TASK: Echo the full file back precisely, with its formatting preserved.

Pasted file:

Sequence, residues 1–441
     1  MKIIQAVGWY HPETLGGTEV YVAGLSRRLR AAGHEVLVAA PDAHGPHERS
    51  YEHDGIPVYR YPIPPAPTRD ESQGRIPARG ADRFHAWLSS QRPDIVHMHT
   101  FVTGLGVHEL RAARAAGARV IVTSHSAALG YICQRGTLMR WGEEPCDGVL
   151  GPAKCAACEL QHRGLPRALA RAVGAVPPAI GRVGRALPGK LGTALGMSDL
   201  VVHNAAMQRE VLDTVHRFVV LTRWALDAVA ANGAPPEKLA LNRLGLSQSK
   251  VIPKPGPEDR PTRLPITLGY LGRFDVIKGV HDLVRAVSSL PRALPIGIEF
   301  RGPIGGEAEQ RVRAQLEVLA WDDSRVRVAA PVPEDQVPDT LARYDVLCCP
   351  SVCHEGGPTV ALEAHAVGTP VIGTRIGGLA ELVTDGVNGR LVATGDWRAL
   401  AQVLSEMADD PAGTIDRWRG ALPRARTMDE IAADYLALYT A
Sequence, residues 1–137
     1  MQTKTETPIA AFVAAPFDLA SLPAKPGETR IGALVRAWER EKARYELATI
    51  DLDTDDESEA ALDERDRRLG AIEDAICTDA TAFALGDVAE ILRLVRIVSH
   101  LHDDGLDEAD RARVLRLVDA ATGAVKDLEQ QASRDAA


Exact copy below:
Sequence, residues 1–441
     1  MKIIQAVGWY HPETLGGTEV YVAGLSRRLR AAGHEVLVAA PDAHGPHERS
    51  YEHDGIPVYR YPIPPAPTRD ESQGRIPARG ADRFHAWLSS QRPDIVHMHT
   101  FVTGLGVHEL RAARAAGARV IVTSHSAALG YICQRGTLMR WGEEPCDGVL
   151  GPAKCAACEL QHRGLPRALA RAVGAVPPAI GRVGRALPGK LGTALGMSDL
   201  VVHNAAMQRE VLDTVHRFVV LTRWALDAVA ANGAPPEKLA LNRLGLSQSK
   251  VIPKPGPEDR PTRLPITLGY LGRFDVIKGV HDLVRAVSSL PRALPIGIEF
   301  RGPIGGEAEQ RVRAQLEVLA WDDSRVRVAA PVPEDQVPDT LARYDVLCCP
   351  SVCHEGGPTV ALEAHAVGTP VIGTRIGGLA ELVTDGVNGR LVATGDWRAL
   401  AQVLSEMADD PAGTIDRWRG ALPRARTMDE IAADYLALYT A
Sequence, residues 1–137
     1  MQTKTETPIA AFVAAPFDLA SLPAKPGETR IGALVRAWER EKARYELATI
    51  DLDTDDESEA ALDERDRRLG AIEDAICTDA TAFALGDVAE ILRLVRIVSH
   101  LHDDGLDEAD RARVLRLVDA ATGAVKDLEQ QASRDAA